However, voting should be seen as a gift to treasure, not a point of resentment. Mark S. Weiner, a professor at the Rutgers-Newark School of Law, argues that “a direct mandate to vote lies beyond the enumerated powers of Congress.” Moreover, many voters would resent such an infringement on their freedom of speech since “nonparticipation is a valid mode of political dissent” (Weiner). Mandating voting would only incite young voters – notorious for their volatility – to intentionally mark their ballots at random in spite of system.

The second option is to lower the voting age, thereby introducing adolescents to the world of politics and cementing the idea of political activism in their minds at an earlier age. However, most believe that a 15- or 16-year-old simply doesn’t have the maturity to weigh the complicated, multifaceted pros and cons of politics and make an educated decision. Additionally, multiple studies have found that parents hold an inordinate amount of sway in the political leanings of their children, even after they have left the home (Niemi). This power would only be amplified in younger children. In lowering the voting age, we would more likely than not be handing out free votes to overzealous parents.

Only one solution addresses the major problems at the root of voter apathy in young Americans: implementing comprehensive civics courses in middle and high schools. Instead of making voting itself mandatory, high schools should make intensive civics courses requirements for graduation. “Education level has long been understood to be a strong predictive factor of one’s likelihood of voting,” write Emily Kirby and Kei Kawashima-Ginsberg in their analysis “The Youth Vote in 2008.” Another author echoed this appeal for better civic education when he called for “vigorous civics’ program in high schools, assuring that youth possess the knowledge to cast their votes responsibly” (Lankford 9). This form of instruction would eliminate the gaping black hole in basic voter education as well as provide a safe environment where adolescents could learn particulars as simple as how to register and what to expect at the polls. This solution ultimately combines the previous two proposals, mandating political education in young Americans before they are of age to vote.

When children are educated and involved in politics early on, they are considerably more likely to remain politically active in their adult lives. One study found that the children’s program Voting USA successfully “promote[d] civic responsibility” by having elementary and middle-school aged children practice voting. Additional surveys suggest that “children, by becoming involved in the political process, have even helped raise adult participation” (Lankford 9). Multiple studies over the years have successfully demonstrated that “young people with more education are more likely to vote” (Kirby).

Putting young adults together in a classroom setting specifically addressing politics might also resurrect the sense of community American citizens shared two or three decades ago. Rather than shunting political activity to a handful of radical nut jobs, pan-national civics classes would bring young people together in communal political learning. In addition, having all young adults taking these classes concurrently might normalize political activism and lessen the stigma attached to politics.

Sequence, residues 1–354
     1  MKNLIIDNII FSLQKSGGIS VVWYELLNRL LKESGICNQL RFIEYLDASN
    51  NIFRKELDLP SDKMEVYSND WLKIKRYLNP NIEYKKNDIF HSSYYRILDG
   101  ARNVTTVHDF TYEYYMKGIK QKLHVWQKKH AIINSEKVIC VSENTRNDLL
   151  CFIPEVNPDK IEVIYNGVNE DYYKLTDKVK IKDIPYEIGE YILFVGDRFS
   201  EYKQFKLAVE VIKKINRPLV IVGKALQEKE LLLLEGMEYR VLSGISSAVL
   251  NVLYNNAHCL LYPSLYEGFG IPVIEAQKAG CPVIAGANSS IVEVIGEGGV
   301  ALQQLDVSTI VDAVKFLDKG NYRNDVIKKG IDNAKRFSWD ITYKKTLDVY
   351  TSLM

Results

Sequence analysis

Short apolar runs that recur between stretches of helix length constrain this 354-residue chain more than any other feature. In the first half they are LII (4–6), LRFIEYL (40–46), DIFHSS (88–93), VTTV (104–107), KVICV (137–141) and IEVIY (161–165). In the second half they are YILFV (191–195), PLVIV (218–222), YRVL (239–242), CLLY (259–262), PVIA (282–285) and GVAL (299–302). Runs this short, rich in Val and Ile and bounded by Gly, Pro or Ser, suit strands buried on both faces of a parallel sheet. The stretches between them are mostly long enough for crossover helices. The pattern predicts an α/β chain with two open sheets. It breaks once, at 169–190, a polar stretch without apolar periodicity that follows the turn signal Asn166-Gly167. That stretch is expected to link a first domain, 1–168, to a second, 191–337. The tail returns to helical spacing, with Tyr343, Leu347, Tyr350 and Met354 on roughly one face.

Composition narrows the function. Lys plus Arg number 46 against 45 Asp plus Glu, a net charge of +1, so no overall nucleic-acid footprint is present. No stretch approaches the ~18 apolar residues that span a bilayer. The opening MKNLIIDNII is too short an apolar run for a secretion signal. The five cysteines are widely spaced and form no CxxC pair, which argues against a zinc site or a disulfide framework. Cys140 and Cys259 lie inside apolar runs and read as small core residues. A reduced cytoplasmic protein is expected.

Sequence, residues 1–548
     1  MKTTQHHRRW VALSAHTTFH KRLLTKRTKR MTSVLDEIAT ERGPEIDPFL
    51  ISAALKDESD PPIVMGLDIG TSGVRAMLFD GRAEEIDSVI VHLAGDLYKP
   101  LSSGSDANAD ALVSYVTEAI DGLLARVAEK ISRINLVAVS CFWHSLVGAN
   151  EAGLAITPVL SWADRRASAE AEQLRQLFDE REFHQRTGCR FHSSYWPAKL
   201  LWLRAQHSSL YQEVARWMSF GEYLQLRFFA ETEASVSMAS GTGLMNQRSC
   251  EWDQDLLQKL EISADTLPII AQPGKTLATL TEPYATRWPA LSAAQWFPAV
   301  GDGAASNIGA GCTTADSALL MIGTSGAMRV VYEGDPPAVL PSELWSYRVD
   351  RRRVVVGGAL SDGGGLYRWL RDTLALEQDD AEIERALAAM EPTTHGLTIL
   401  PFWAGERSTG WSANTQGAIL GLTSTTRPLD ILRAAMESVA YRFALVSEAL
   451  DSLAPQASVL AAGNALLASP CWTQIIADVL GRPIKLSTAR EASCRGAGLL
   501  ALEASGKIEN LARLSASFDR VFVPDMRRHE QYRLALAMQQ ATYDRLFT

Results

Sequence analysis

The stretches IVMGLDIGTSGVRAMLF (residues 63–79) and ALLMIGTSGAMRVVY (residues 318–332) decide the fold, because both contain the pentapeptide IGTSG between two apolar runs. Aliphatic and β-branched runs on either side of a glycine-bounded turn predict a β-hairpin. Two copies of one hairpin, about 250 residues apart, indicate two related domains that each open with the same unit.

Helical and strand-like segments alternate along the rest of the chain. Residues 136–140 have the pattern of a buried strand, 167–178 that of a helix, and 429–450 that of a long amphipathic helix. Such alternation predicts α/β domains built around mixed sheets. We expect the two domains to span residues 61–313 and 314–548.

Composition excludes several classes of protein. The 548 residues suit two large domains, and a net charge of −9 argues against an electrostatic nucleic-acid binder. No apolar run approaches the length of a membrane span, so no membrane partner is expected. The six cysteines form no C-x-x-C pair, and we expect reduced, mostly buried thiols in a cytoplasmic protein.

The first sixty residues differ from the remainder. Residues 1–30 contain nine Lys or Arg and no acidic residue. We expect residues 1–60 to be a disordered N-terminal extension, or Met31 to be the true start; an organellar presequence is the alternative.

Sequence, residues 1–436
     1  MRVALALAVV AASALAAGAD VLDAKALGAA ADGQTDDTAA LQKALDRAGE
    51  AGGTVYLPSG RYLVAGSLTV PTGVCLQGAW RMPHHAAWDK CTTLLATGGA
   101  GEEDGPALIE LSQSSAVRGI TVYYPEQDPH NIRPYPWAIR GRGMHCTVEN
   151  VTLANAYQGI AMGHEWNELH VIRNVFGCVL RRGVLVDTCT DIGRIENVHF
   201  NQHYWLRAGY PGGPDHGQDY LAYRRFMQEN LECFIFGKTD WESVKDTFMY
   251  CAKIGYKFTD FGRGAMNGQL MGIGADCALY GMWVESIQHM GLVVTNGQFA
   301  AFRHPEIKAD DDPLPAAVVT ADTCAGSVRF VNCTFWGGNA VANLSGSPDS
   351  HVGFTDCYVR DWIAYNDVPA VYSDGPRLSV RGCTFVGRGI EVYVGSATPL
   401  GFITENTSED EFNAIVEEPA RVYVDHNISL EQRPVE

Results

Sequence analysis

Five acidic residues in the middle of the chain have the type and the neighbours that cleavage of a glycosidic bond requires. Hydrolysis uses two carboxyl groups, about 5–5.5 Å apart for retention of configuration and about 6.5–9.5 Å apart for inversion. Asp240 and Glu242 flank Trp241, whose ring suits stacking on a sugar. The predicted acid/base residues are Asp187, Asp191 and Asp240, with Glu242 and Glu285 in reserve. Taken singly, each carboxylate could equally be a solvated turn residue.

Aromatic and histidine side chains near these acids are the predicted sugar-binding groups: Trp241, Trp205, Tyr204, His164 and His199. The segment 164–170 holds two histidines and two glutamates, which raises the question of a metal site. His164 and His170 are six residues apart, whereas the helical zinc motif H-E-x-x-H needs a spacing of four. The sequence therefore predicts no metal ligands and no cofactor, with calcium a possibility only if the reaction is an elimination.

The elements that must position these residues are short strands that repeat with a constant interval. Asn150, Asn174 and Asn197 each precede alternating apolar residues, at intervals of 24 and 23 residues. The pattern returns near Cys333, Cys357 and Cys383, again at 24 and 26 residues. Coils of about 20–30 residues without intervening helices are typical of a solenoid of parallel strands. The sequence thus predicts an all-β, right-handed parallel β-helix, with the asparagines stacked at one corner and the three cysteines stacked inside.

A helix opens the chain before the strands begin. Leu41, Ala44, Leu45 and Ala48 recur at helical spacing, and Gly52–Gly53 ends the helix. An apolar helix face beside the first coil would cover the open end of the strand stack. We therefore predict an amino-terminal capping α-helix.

Finally, if politicians knew that the next crop of Americans were being raised and educated as politically astute citizens, they might be more willing to address topics and issues germane to Generation Y.

This doesn’t necessarily mean that everyone should vote. As touched on earlier, nonvoting is as much an expression of freedom of speech as voting. However, young Americans should be educated about their civic rights and the political events shaping their lives and country. “The quality of votes is frankly far more important than the quantity of votes,” says Lankford. “We as a nation need to elect the best candidate, and to do that, we must take the time to be educated on the policies of candidates and not just the appearance of a candidate” (15).

Some argue that our already much-criticized public education system can’t handle the financial burden of implementing additional classes or graduation requirements. Yet the upside of young adult political education is surely worth the cost. If Generation Y (as well as the next generation, however we choose to letter them) learns from childhood to utilize jurisprudence and plumb the depths of solipsistic politician-speak, young adults might reach a point where they could elect capable, intelligent politicians into office as opposed to blindly voting in dashing interlocutors without any real understanding of fiscal or foreign policy.

In the end, voting is a privilege. Young voters in America represent an entire generation of untapped political potential. Thomas Jefferson once praised American suffrage as “the rational and peaceable instrument of reform” (Foley 842). We – Generation Y – need to ensure that it remains this way. Multiple instances have shown that young adults have the potential necessary to shape their nation the way they want. We just need a little prodding to get on the right path. Daniel Webster, a prominent nineteenth century statesman and senator, once wrote these lines to explicate the necessity of voting and political activism:

Impress upon children the truth that the exercise of the elective franchise is a social duty of as solemn a nature as man can be called to perform; that a man may not innocently trifle with his vote; that every elector is a trustee as well for others as himself and that every measure he supports has an important bearing on the interests of others as well as on his own (Webster 108).

Hopefully these words still ring true today.

Generation Y unquestionably has what it takes to mold America to our wants and needs, yet we’re crippled by political apathy. Of all the proposed solutions, simply educating our youth in serious high school civics courses would resolve many of the problems at the root of civic indifference in America’s young people. But you’ve read through the alternative solutions. You’ve seen the evidence. So you tell us: What’s your vote?

Works Cited